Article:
There is one drug commonly used in anesthetic protocols that should not be used in the Boxer. The drug is Acepromazine, a tranquilizer, which is often used as a preanesthetic agent. In the Boxer, it tends to cause a problem called first degree heart block, a potentially serious arrhythmia of the heart. It also causes a profound hypotension (severe lowering of the blood pressure) in many Boxers that receive the drug. Recently, on the Veterinary Information Network, a computer network for practicing veterinarians, an announcement was placed in the cardiology section entitled "Acepromazine and Boxers." This described several adverse reactions to the drug in a very short time span at a veterinary teaching hospital. All the adverse reactions were in Boxers. The reactions included collapse, respiratory arrest, and profound bradycardia (slow heart rate, less than 60 beats per minute). The announcement suggested that Acepromazine should not be used in dogs of the Boxer breed because of a breed related sensitivity to the drug.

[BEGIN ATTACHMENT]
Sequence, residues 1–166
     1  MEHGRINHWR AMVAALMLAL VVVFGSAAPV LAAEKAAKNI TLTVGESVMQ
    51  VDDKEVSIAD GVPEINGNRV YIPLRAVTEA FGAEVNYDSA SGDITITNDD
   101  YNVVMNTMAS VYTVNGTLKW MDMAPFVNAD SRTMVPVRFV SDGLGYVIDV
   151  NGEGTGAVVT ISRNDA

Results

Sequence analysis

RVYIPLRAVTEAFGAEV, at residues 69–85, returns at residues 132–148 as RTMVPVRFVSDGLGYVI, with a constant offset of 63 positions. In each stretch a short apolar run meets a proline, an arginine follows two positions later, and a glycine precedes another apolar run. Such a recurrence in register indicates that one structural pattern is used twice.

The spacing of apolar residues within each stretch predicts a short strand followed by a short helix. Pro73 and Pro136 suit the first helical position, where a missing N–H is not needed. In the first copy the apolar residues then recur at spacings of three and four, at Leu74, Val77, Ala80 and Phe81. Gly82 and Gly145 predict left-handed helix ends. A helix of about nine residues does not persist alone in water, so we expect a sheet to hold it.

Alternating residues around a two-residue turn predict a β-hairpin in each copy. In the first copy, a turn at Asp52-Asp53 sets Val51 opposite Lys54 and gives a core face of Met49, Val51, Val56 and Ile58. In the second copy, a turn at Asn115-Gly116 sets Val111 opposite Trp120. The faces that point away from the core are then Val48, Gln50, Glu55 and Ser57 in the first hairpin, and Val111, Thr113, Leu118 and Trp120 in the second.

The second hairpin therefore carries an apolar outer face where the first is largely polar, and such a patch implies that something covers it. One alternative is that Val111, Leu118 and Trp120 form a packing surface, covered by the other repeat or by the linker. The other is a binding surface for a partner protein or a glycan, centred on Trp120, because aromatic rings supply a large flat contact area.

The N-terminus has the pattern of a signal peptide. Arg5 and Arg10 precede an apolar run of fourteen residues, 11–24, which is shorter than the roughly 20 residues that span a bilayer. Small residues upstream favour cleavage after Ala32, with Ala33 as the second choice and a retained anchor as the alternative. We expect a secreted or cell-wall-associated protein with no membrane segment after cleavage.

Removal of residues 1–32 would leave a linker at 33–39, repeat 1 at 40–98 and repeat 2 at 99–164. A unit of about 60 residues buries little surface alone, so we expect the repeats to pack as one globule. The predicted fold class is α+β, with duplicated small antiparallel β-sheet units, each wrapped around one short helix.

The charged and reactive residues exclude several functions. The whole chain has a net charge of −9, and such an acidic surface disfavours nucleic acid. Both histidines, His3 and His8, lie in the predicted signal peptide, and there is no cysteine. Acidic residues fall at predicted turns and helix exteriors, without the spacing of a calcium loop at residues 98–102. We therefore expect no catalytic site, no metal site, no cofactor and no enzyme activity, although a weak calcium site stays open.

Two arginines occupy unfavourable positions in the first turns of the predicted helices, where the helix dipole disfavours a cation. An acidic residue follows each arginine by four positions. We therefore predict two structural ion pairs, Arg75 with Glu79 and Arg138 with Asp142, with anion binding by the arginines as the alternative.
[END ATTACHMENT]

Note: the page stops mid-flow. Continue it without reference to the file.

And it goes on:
There are 3 main reactions: (1) Some vets will look aghast at the mere mention of Ace and boxers and tell you they would never use that drug on a brachycephalic breed (and often just don't use it at all); (2) Some will willingly agree to use an alternative, even though they think you're going overboard about the risks; and (3) Some will argue that it is myth that there's a problem and it's all just a matter of doseage (they, of course, use a very minimal dose), and will not or are extremely reluctant to use an alternative sedative.